Monday, April 23, 2012

Research Avoidance Disorder

I recently discovered that there is a mental health condition called, Avoidant Personality Disorder "in which a person has a lifelong pattern of feeling very shy, inadequate, and sensitive to rejection." (PubMed Health) The idea that avoidance would be at the root of a person's mental suffering intrigued me because avoidance is something we see a lot of in the library -- particularly at this time of year when exegetical papers and masters theses are due. So, I thought I would have some fun and use the PubMed A.D.A.M. Medical Encyclopedia format to describe the phenomenon.


Research Avoidance Disorder

Research disorder - avoidant
Last reviewed: April 23, 2012.
Research Avoidance Disorder is a condition in which a person has a feeling of being overwhelmed, ill equipped or inadequate due to failure in estimating the time and skills required to complete a research assignment.

Causes, incidence, and risk factors

Research disorders are patterns of behavior that cause problems with academic success and scholarly communication. It is commonly recognized when it is too late for effective treatment.

About 90% of the population has Research Avoidance Disorder. Both males and females have the condition equally. The cause is unknown.


People with Research Avoidance Disorder can't seem to start thinking about their research assignments. They pursue activities that do not require them to think about the research problem. Completing such assignments is so overwhelming or distasteful that these people will choose to wait until effective research strategies are impossible to employ and panic becomes the motivating factor.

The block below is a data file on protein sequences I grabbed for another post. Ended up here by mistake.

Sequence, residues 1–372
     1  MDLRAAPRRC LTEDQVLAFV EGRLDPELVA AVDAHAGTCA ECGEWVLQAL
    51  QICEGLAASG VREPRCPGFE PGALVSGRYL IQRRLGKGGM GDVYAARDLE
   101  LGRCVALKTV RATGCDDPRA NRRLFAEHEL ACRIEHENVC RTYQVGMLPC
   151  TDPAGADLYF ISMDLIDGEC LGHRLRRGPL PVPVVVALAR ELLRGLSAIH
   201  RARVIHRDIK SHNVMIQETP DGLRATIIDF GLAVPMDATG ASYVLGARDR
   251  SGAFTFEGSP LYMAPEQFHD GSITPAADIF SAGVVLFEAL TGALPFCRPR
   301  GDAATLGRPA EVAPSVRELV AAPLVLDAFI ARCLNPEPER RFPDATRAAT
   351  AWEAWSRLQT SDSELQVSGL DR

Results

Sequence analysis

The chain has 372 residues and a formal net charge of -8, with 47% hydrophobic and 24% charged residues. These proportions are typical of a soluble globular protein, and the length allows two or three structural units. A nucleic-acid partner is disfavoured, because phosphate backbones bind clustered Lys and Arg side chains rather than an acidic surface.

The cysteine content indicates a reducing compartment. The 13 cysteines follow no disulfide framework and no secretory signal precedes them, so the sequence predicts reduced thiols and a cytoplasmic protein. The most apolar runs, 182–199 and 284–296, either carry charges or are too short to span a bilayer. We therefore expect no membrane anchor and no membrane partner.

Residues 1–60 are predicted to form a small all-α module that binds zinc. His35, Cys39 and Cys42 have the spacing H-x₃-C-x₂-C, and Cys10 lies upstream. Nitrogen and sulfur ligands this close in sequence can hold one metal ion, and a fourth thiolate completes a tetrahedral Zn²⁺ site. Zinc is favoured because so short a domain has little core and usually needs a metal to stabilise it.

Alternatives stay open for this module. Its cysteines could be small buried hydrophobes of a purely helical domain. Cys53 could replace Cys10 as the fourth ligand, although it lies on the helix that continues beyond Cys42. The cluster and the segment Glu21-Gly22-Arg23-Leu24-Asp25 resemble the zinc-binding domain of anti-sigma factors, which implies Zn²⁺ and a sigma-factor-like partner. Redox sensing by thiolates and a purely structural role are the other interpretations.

Signs and tests

A person with Research Avoidance Disorder may:
  • Avoid activities that enable the research process, such as visiting the library
  • Be easily distracted by trivial ideas, activities, or images such as Tumblr (This is a test. If you click here, you should seek professional help immediately.)
  • Spend time in other unrelated distasteful responsibilities such as doing laundry
  • Overestimate their ability to quickly find relevant resources
  • Be overly confident in the reliability of technology
  • Underestimate their personal needs such as sleep 


Prevention is the best option. Going to the library long before the paper is due and beginning the initial exploratory query to get some ideas is highly recommended. But in the cases when avoidance is already present, the sooner treatment is sought, the lower the risk of permanent damage. 

Time management in combination with a reference interview is considered to be the most effective treatment for this condition.

"A reference interview is a conversation between a librarian and a library user in which the librarian responds to the user's initial explanation of his or her information need by first attempting to clarify that need and then by directing the user to appropriate information resources." (Wikipedia)

However, in lieu of allotting enough time to searching appropriate databases and seeking professional assistance, a combination of caffeine and impending deadlines has been known to produce limited results.

Expectations (prognosis)

People with this disorder may develop some ability to apply lessons learned from past experiences and can improve with treatment.


Without treatment, a person with Research Avoidance Disorder may become resigned to a life of near or total academic failure. They may go on to develop a second disorder such as depression.

Calling your information professional

See your professor or a librarian immediately if you are feeling overwhelmed by your research assignment and are in need of direction.


NOTE: This is a completely fictional "disorder" and is not defined by the Diagnostic and Statistical Manual of Mental Disorders DSM-IV. However, please seek professional help from a librarian if you are concerned that this is disorder describes you!

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